"Late night cravings special," promises the Craigslist ad in the "erotic services" category. "My exotic mix makes me an intoxicating and sensual treat."
The "treat" runs a discreet 100 "rose petals" for 15 minutes, 130 rose petals for a half-hour and 160 for an hour.
Prostitution persists on Craigslist even as attorneys general pressure the online classified service to stamp it out, experts say. Those efforts are intensifying after the killing of a Boston masseuse hired through the site.
"It is clear that Craigslist is the new frontier," said Mark Lagon, executive director of the Polaris Project, an anti-slavery group.
Many of the victims who come to Polaris can point to a Craigslist posting used by a trafficker to market their bodies against their will, Lagon said in an April 6 letter to the site.
"Ultimately, the 'erotic services' section must be shut down," Lagon wrote, noting that a study last year found that Craigslist was the site used most frequently by johns seeking prostitutes.
Intensified concerns about ads
The recent arrest of Boston University medical student Philip Markoff, charged with murder, armed robbery and kidnapping for the killing of a 25-year-old masseuse he met through Craigslist and the robbery of another, has intensified long-standing concerns about the ads.
In Illinois, Cook County Sheriff Tom Dart sued Craigslist last month, saying the site not only allows the solicitation of prostitution, but also has actively created "the largest source of prostitution in America."
Craigslist rejected the sheriff's contentions, saying the company cooperates with law enforcement, has taken several steps to prevent illegal use of the site and pulls inappropriate ads.
"The Internet is still fairly new, and there's a tendency to focus on any crime story that has a connection to the Internet, as I suspect was done in the early days of the telephone as well," Jim Buckmaster, Craigslist's CEO, told The Associated Press.
The Web site is among the most popular for posting classified ads, with 42.2 million visitors in the United States in March, a 48 percent increase from a year earlier, according to Andrew Lipsman, director of industry analysis for Comscore Inc.
Crack down on prostitution ads
In November, Craigslist reached an agreement with several attorneys general nationwide to crack down on ads for prostitution on its Web sites. The deal requires those who post "erotic services" ads to provide a working phone number and pay a fee with a valid credit card. The Web site must provide that information to law enforcers if subpoenaed.
Buckmaster said at the time that the deal would allow legitimate escort services to continue advertising, while strongly discouraging companies conducting illegal business.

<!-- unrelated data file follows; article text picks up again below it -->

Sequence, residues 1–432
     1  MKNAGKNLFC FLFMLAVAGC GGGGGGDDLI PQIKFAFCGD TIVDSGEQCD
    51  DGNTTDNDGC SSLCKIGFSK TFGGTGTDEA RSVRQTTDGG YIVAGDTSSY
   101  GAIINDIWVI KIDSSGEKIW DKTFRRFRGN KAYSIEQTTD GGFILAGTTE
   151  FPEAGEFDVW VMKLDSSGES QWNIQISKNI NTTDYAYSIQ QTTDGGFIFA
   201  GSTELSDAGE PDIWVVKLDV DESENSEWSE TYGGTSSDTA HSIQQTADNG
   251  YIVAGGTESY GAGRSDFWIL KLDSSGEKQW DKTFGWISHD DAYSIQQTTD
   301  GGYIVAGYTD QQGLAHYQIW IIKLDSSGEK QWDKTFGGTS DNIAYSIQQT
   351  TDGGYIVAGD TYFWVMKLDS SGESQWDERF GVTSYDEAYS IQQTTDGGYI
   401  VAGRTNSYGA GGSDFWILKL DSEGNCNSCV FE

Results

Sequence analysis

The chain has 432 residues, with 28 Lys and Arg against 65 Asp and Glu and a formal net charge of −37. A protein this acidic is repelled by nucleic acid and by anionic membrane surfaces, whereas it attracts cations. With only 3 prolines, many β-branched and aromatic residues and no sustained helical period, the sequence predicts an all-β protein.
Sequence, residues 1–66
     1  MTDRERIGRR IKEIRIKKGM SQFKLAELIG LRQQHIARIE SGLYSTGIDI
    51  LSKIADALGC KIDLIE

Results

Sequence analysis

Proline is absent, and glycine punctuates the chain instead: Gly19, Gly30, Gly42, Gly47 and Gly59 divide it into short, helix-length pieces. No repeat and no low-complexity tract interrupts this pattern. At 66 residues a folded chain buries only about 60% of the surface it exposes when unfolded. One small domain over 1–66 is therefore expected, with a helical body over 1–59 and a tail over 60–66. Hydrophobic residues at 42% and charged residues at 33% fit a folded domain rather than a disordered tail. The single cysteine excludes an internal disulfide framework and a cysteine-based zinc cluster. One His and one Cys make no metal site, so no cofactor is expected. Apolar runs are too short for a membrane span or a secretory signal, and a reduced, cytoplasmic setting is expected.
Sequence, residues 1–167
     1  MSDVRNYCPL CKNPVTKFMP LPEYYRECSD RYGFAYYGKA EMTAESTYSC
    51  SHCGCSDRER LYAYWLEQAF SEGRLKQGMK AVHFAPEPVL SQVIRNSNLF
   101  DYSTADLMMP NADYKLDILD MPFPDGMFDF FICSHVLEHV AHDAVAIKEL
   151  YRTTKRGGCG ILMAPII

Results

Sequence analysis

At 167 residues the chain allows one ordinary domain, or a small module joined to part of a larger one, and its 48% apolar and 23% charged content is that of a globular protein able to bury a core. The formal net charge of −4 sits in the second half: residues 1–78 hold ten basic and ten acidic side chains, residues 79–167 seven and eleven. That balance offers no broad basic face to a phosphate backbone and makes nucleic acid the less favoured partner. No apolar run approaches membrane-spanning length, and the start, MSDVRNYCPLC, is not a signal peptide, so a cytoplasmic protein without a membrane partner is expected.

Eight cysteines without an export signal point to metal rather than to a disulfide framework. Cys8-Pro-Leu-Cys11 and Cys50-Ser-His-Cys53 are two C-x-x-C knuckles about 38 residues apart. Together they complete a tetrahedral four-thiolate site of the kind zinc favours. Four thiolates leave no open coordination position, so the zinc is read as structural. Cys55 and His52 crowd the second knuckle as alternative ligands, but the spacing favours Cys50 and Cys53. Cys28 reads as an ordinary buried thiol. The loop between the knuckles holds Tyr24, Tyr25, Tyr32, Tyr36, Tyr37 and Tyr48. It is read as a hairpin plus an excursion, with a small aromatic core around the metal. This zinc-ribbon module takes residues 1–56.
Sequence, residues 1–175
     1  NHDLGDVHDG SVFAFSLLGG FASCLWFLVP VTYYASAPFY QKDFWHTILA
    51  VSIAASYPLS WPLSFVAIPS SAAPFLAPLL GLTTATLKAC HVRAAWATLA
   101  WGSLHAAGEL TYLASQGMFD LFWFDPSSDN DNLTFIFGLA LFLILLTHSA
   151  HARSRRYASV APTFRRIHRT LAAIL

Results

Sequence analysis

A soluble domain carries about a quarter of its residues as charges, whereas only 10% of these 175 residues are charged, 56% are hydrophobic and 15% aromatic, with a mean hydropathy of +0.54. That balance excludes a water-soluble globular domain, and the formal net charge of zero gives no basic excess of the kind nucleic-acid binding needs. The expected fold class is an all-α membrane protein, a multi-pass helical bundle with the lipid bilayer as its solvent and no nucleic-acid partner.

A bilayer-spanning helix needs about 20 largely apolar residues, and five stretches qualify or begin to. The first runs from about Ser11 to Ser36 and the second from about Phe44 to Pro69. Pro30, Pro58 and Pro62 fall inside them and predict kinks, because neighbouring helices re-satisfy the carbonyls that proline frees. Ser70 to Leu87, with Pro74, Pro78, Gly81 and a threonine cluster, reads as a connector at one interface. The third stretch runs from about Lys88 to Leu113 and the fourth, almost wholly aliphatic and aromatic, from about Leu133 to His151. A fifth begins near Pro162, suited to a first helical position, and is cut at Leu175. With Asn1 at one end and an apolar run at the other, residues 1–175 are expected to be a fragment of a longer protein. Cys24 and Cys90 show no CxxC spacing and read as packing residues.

Connecticut Attorney General Richard Blumenthal on Wednesday called on Craigslist to stop what he calls "pimping and prostitution in plain sight." He asked the site to immediately eliminate photographs in the "erotic services" section, hire staff to screen images and ads that violate the site's terms of service and fine users who violate those terms.
Blumenthal said Thursday that he plans to meet with Craigslist officials in the next week and is confident that his counterparts around the country will support him in reaching another agreement.
"I'm confident that they are committed to stronger steps against ads that can lead to horrific tragedies such as occurred in Boston," Blumenthal said. "The Boston tragedy is only one of many brutal and violent crimes that occur as a result of prostitution ads or other illicit activities on this site and similar ones."
'Risks of Craiglist are low'
Buckmaster said Wednesday that criminals who use the site are virtually guaranteed to get caught because they leave electronic trails that are easily traced. He noted that there have been billions of interactions on Craigslist, adding, "Compared to human society as a whole the risks of Craigslist are low, but they're not zero."
Some are skeptical about the efforts to combat the world's oldest profession on the Web. Trying to curb the ads on Craigslist may just drive them to another site that is less cooperative with authorities, said Steve Jones, a professor of communication at the University of Illinois at Chicago.
"Craigslist is sort of only a symptom of the problem," Jones said. "The problem here is criminal behavior. Criminal behavior will find a way to express itself regardless of the medium."
The issue shows how authorities are struggling with how to respond to age-old social ills that are increasingly emerging on the relatively new Internet, he said.
"In some ways it's kind of a constant cat and mouse game," Jones said. "We have a long way to go to figure out how to deal with them."